# One Simple Trick for Speeding up your Python Code with Numpy

Looping over Python arrays, lists, or dictionaries, can be slow. Thus, vectorized operations in Numpy are mapped to highly optimized C code, making them much faster than their standard Python counterparts.

Python is huge.

Over the past several years the popularity of Python has grown rapidly. A big part of that has been the rise of Data Science, Machine Learning, and AI, all of which have high-level Python libraries to work with!

When using Python for those types of work, it’s often necessary to work with very large datasets. Those large datasets get read directly into memory, and are stored and processed as Python arrays, lists, or dictionaries.

Working with such huge arrays can be time consuming; really that’s just the nature of the problem. You have thousands, millions, or even billions of data points. Every microsecond added to the processing of a single one of those points can drastically slow you down as a result of the large scale of the data you’re working with.

### The slow way

The slow way of processing large datasets is by using raw Python. We can demonstrate this with a very simple example.

The code below multiplies the value of 1.0000001 by itself, 5 million times!

import time start_time = time.time() num_multiplies = 5000000 data = range(num_multiplies) number = 1 for i in data: number *= 1.0000001 end_time = time.time() print(number) print("Run time = {}".format(end_time - start_time))

I have a pretty decent CPU at home, Intel i7–8700k plus 32GB of 3000MHz RAM. Yet still, multiplying those 5 million data points took 0.21367 seconds. If instead I change the value of `num_multiplies`

to 1 billion times, the process took 43.24129 seconds!

Let’s try another one with an array.

We’ll build a Numpy array of size 1000x1000 with a value of 1 at each and again try to multiple each element by a float 1.0000001. The code is shown below.

On the same machine, multiplying those array values by 1.0000001 in a regular floating point loop took 1.28507 seconds.

import time import numpy as np start_time = time.time() data = np.ones(shape=(1000, 1000), dtype=np.float) for i in range(1000): for j in range(1000): data[i][j] *= 1.0000001 data[i][j] *= 1.0000001 data[i][j] *= 1.0000001 data[i][j] *= 1.0000001 data[i][j] *= 1.0000001 end_time = time.time() print("Run time = {}".format(end_time - start_time))

### What is Vectorization?

Numpy is designed to be efficient with matrix operations. More specifically, most processing in Numpy is *vectorized*.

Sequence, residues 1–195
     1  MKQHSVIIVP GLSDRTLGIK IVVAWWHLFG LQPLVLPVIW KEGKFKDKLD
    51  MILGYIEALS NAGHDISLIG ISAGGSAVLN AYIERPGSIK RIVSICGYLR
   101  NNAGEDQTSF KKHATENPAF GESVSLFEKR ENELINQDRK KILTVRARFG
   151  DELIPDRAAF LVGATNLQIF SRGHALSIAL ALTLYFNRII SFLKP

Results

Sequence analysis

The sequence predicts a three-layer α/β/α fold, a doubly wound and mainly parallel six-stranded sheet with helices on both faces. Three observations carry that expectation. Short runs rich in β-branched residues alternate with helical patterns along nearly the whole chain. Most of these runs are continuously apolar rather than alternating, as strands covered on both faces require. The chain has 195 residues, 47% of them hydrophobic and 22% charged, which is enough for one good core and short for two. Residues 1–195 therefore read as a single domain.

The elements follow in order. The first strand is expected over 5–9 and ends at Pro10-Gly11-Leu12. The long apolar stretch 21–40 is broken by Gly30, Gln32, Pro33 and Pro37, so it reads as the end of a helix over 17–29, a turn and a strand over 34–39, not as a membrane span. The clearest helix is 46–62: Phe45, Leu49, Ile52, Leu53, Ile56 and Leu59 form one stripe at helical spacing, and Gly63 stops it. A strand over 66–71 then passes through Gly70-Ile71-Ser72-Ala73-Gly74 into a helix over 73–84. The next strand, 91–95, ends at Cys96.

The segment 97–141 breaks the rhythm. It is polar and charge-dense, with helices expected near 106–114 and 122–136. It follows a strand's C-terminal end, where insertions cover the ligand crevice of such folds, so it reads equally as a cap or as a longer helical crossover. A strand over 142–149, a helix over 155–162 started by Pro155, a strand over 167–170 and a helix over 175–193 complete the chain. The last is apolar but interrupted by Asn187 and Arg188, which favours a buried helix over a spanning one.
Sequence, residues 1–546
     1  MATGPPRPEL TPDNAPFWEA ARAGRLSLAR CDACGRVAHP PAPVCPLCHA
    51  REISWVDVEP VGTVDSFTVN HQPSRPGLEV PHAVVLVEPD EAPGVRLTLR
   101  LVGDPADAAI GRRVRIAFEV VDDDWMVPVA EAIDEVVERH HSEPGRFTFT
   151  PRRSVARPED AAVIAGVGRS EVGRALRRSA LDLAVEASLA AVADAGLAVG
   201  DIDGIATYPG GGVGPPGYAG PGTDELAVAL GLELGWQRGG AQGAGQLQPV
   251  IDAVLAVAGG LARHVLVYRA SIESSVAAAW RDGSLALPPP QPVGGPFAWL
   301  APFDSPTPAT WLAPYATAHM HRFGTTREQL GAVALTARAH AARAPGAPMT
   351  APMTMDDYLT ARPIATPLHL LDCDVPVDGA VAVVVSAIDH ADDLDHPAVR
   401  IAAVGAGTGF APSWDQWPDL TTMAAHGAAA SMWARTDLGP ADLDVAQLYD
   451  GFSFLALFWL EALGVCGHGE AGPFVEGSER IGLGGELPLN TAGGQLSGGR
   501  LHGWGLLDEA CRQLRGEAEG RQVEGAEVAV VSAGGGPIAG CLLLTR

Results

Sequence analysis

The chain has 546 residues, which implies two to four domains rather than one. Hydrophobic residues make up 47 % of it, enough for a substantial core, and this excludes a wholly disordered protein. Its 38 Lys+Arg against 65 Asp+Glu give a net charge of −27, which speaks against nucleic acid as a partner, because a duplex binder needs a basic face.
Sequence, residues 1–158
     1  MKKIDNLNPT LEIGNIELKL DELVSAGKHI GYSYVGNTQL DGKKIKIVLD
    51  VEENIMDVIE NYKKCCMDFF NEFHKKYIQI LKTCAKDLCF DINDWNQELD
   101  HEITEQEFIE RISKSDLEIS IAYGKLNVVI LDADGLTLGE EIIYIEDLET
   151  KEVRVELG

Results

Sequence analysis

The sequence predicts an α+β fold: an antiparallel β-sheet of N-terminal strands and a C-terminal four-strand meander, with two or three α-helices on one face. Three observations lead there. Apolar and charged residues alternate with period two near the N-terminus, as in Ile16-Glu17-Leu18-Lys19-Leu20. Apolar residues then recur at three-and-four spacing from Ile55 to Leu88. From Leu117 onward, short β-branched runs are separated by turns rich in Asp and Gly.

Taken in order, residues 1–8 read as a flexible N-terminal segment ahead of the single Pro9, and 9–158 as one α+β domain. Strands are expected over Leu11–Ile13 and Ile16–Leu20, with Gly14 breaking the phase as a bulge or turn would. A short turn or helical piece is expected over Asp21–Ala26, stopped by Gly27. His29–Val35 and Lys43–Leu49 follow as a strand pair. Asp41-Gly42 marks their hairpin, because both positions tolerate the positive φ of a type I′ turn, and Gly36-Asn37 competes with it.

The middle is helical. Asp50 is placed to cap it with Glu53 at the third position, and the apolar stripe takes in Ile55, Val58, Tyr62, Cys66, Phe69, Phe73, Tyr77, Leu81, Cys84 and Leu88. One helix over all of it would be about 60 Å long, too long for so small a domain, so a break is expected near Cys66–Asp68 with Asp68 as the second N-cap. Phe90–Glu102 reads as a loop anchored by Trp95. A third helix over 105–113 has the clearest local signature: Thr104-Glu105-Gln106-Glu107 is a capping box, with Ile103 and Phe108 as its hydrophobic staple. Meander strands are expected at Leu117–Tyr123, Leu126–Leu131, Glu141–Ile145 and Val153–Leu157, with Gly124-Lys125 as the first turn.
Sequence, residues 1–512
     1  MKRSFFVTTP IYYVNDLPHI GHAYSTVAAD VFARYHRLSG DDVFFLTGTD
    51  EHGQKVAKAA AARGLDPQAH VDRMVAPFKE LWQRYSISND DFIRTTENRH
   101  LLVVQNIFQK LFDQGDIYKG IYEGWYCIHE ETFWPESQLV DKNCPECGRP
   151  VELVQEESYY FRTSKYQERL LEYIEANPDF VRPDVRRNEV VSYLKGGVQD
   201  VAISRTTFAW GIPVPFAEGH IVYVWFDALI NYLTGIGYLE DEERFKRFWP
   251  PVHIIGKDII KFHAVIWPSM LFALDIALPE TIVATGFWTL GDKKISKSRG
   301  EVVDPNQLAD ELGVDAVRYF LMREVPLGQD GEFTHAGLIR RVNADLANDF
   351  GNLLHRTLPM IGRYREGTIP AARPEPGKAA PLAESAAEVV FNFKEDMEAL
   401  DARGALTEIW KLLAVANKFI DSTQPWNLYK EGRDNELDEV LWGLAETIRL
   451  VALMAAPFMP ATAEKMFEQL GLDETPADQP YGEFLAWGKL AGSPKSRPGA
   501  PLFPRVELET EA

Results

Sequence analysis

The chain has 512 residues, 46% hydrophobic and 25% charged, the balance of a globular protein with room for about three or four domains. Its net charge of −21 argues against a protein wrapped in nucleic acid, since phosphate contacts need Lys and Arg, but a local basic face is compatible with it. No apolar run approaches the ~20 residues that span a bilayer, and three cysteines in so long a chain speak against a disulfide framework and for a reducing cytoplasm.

Vectorization involves expressing mathematical operations, such as the multiplication we’re using here, as occurring on entire arrays rather than their individual elements (as in our for-loop).

With vectorization, the underlying code is parallelized such that the operation can be run on multiply array elements at once, rather than looping through them one at a time. As long as the operation you are applying does not rely on any other array elements, i.e a “state”, then vectorization will give you some good speed ups.

Looping over Python arrays, lists, or dictionaries, can be slow. Thus, vectorized operations in Numpy are mapped to highly optimized C code, making them much faster than their standard Python counterparts.

### The fast way

Here’s the fast way to do things — by using Numpy the way it was *designed* to be used.

There’s a couple of points we can follow when looking to speed things up:

- If there’s a for-loop over an array, there’s a good chance we can replace it with some built-in Numpy function
- If we see any type of math, there’s a good chance we can replace it with some built-in Numpy function

Both of these points are really focused on replace non-vectorized Python code with optimised, vectorized, low-level C code.

Check out the fast version of our first example from before, this time with 1 billion multiplications.

We’ve done something very simple: we saw that we had a for-loop in which we were repeating the same mathematical operation many times. That should trigger immediately that we should go look for a Numpy function that can replace it.

We found one — the `power`

function which simply applies a certain power to an input value. The dramatically sped of the code to run in 7.6293e-6 seconds — that’s a

import time import numpy as np start_time = time.time() num_multiplies = 1000000000 data = range(num_multiplies) number = 1 number *= np.power(1.0000001, num_multiplies) end_time = time.time() print(number) print("Run time = {}".format(end_time - start_time))

It’s a very similar idea with multiplying values into Numpy arrays. We see that we’re using a double for-loop and should immediately recognised that there should be a faster way.

Conveniently, Numpy will automatically vectorise our code if we multiple our 1.0000001 scalar directly. So, we can write our multiplication in the same way as if we were multiplying by a Python list.

The code below demonstrates this and runs in 0.003618 seconds — that’s a 355X speedup!

import time import numpy as np start_time = time.time() data = np.ones(shape=(1000, 1000), dtype=np.float) for i in range(5): data *= 1.0000001 end_time = time.time() print("Run time = {}".format(end_time - start_time))

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**Bio: George Seif** is a Certified Nerd and AI / Machine Learning Engineer.

Original. Reposted with permission.

**Related:**

- Why You Should Start Using .npy Files More Often
- Why You Should Forget ‘for-loop’ for Data Science Code and Embrace Vectorization
- Working With Numpy Matrices: A Handy First Reference